Baking Classics: Buttermilk Focaccia

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The Technique

Focaccia

Focaccia is truly one of the easiest yeast breads you can prepare. All you need is a little time but it will be well worth it. Buttermilk Focaccia looks to everyday items to make a homemade bread recipe you’ll reach for time & time again. A tad chewy with twangy undertones, the salt & pepper are the perfect compliment to the buttermilk. Expect a lovely richness from the olive oil. The bottom, in particular, is wonderfully decadent. Follow my tutorial to prepare a lovely flatbread in your very own kitchen.

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buttermilk lipstick Southern Recipes & How To's Easy Tailgate Recipes RebeccaGordon ButtermilkLipstickButtermilk Focaccia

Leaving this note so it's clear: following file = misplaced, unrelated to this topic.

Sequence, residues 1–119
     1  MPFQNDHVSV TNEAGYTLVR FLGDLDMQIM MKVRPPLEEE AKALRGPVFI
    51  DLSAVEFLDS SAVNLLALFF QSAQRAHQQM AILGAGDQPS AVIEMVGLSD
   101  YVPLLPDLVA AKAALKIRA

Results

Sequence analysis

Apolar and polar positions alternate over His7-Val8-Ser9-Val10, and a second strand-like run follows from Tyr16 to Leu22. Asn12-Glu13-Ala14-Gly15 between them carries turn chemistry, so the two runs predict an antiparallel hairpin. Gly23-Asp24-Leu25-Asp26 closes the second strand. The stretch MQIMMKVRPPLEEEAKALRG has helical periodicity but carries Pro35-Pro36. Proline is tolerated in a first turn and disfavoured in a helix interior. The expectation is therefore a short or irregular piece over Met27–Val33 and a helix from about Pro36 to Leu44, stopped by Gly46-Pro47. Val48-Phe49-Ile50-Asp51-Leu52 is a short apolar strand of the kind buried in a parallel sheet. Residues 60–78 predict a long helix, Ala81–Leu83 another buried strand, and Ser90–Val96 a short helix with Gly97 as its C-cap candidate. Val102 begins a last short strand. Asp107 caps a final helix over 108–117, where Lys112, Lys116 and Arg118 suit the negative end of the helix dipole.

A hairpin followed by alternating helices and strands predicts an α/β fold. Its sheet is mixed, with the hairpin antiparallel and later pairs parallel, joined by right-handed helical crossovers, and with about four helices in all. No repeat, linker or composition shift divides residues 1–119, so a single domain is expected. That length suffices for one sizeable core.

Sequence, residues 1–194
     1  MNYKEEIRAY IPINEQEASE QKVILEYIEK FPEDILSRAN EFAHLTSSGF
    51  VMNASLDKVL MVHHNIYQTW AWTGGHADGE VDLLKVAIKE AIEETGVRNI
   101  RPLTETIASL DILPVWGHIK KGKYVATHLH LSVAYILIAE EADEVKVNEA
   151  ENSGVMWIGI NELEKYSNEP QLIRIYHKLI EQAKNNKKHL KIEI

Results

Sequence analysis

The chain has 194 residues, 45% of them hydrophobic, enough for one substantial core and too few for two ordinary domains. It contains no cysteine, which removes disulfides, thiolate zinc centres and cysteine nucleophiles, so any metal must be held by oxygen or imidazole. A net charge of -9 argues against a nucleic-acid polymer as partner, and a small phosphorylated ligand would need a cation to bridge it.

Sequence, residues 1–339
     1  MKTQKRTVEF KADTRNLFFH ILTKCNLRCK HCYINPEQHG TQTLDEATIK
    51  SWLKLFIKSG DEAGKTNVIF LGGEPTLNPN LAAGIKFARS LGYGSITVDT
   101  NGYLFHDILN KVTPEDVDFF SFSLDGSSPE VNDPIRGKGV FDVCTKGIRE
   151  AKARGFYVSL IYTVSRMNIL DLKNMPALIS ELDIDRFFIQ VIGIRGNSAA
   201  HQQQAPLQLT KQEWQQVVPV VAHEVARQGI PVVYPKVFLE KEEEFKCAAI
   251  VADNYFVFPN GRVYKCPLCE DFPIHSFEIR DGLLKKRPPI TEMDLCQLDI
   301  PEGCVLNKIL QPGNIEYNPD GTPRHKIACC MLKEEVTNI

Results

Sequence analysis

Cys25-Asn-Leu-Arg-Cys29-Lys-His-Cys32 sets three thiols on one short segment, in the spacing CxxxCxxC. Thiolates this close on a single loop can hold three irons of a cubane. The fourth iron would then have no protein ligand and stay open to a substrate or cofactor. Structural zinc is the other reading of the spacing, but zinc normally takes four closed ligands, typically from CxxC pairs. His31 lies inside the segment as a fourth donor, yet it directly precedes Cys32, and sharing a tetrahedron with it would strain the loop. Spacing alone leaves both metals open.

makes 15 servings

1 cup warm water {105 to 115 degrees}
1 {1/4-oz} package active dry yeast
1 tsp honey
3 cups bread flour, plus some
1 1/2 tsp kosher salt
1/2 cup whole buttermilk
5 Tbsp olive oil, divided
Kosher salt & freshly ground pepper
Olive oil

Combine the first 3 ingredients in a glass measuring cup. Set aside until foamy, about 5 minutes. Whisk together 3 cups of bread flour & 1 1/2 tsp kosher salt in the bowl of an electric stand mixer. Pour the yeast mixture, the buttermilk & the 2 Tbsp olive oil over the flour mixture. Blend the mixture on Low speed until it comes together in a ball around the dough hook. Increase the mixer speed a notch or two & blend an additional 4 minutes. If the dough begins to cling to the bottom of the bowl, add 2 to 4 tablespoons of additional flour. You want a soft & supple dough but not too spongy nor stiff. Remove the dough from the mixer & form into a ball. Place in an oiled bowl being certain the top of the dough is oiled as well. Cover the bowl with plastic wrap & let rise until doubled in bulk, about 1 hour.